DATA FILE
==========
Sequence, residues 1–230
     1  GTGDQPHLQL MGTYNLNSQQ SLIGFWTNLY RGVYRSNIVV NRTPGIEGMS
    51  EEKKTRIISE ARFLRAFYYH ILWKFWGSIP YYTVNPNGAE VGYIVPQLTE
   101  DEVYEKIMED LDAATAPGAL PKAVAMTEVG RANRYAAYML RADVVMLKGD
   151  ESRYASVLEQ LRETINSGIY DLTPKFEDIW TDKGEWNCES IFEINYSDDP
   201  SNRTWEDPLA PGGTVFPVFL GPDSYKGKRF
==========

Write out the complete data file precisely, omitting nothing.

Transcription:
Sequence, residues 1–230
     1  GTGDQPHLQL MGTYNLNSQQ SLIGFWTNLY RGVYRSNIVV NRTPGIEGMS
    51  EEKKTRIISE ARFLRAFYYH ILWKFWGSIP YYTVNPNGAE VGYIVPQLTE
   101  DEVYEKIMED LDAATAPGAL PKAVAMTEVG RANRYAAYML RADVVMLKGD
   151  ESRYASVLEQ LRETINSGIY DLTPKFEDIW TDKGEWNCES IFEINYSDDP
   201  SNRTWEDPLA PGGTVFPVFL GPDSYKGKRF